Jeremy Hunt has delivered his expected ‘Budget for growth’, announcing a multi-billion pound package to boost business investment bolster the country’s workforce, and a £4bn boost for free childcare.
Against a tough fiscal backdrop and his commitment to hold down spending to control inflation, came the pledge that business will be the main beneficiary of any tax cuts.
Sticking to the Government’s levelling-up philosophy he reiterated his underpinning principles of “Enterprise Employment, Education and Everywhere”, supporting the latter with a series of nationwide regeneration projects.
Also in the mix were tax breaks for drugs companies and TV firms, new corporation tax threshholds, help for the disabled to get back into work, changes to pensions and benefits, a boost support for artificial intelligence businesses as well as what he called a “quantum strategy” to support the future of computing.
Other key takeaways included: an extension of the EPG for another three months, sanctions reforms aimed at getting people on Universal Credit benefits into work, an extra £6 billion on maintaining the 5p fuel duty cut and a new apprenticeship scheme will target over-50s who want to return to work, so-called ‘returnerships.’
Vadikh Giniatulin, Chief Executive Officer and Co-Founder of Find My Kids welcomed the announcement on free childcare: saying that the “news comes at a time when parents are being forced to choose between childcare and their career as the financial burden of having one or more children in full-time care wasn’t possible”.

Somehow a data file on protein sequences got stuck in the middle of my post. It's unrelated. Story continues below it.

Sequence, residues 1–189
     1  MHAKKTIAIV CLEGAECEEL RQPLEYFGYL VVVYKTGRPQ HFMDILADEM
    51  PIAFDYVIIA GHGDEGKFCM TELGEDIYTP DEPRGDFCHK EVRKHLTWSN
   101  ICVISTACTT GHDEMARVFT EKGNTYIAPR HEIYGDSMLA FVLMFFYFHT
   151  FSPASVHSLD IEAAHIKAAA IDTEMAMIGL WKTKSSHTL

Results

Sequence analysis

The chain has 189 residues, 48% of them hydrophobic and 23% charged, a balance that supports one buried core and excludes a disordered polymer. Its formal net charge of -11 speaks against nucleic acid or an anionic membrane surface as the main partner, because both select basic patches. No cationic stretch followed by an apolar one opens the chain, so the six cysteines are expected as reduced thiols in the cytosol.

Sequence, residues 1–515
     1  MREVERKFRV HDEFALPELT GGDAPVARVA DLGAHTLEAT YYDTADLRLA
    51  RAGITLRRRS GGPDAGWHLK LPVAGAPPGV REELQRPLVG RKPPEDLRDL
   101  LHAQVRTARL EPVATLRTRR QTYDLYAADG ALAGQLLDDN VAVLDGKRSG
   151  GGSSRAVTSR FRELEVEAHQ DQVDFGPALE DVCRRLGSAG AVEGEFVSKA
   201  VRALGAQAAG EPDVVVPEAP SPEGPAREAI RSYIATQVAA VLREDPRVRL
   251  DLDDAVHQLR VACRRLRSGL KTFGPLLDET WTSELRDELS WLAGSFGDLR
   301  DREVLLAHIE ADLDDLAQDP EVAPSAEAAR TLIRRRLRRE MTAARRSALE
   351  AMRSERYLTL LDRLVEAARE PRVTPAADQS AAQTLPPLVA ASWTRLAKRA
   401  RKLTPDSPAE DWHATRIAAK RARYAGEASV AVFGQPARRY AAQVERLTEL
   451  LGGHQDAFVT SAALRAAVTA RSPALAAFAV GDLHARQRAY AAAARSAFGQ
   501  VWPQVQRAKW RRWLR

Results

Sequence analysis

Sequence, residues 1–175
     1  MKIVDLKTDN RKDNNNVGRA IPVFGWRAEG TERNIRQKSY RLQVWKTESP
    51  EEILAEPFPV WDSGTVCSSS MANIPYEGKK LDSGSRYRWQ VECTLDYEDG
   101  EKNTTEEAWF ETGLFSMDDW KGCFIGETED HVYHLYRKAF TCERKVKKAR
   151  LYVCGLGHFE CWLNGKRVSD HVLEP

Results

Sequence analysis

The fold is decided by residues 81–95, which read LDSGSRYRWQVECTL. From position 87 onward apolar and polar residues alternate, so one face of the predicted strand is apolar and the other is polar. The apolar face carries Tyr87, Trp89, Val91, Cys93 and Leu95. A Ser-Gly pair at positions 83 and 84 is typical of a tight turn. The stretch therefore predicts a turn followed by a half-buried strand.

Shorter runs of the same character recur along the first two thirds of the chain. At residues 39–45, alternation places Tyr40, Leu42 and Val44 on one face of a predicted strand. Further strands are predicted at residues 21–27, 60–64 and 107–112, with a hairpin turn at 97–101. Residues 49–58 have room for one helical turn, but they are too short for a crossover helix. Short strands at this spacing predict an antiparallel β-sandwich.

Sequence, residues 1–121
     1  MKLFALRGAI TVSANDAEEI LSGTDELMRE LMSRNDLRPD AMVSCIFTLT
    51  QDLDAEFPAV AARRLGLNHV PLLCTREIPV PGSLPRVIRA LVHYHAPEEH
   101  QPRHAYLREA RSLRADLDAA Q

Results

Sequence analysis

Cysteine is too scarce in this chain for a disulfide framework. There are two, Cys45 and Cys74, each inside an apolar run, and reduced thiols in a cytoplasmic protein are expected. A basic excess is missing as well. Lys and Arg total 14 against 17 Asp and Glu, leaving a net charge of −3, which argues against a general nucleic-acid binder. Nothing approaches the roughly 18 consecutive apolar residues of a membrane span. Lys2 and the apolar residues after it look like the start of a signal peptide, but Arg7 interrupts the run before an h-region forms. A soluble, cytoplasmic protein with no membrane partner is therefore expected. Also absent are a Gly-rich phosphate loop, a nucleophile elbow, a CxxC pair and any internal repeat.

He added: “This new initiative will not only give parents a sense of normality but also peace of mind that their children are getting the care and opportunity to develop alongside their peer group.”
Steven Winter, Public Sector Regional Sales Manager at Cradlepoint, descrjbed it as “incredibly disappointing the government has overlooked improving next generation cellular connectivity”.
He said: “At a time when many businesses are facing economic uncertainty, ensuring infrastructure is there to support innovation and flexibility is vital. In fact, a recent Cradlepoint study found that 93 per cent of UK businesses stated that improving connectivity would make them more resilient to future economic and social shocks.
“The UK government needs to be more forward thinking in how it plans to tackle the connectivity challenges currently plaguing the country and affecting the economy. It is time meaningful steps to improve connectivity, instead of relying on legacy technologies, or we greatly risk lagging as an innovative country. ”
This Budget was a mixed bag. The PM makes a habit of mentioning that he’s spent time in Silicon Valley, while the Chancellor often references his own entrepreneurial experiences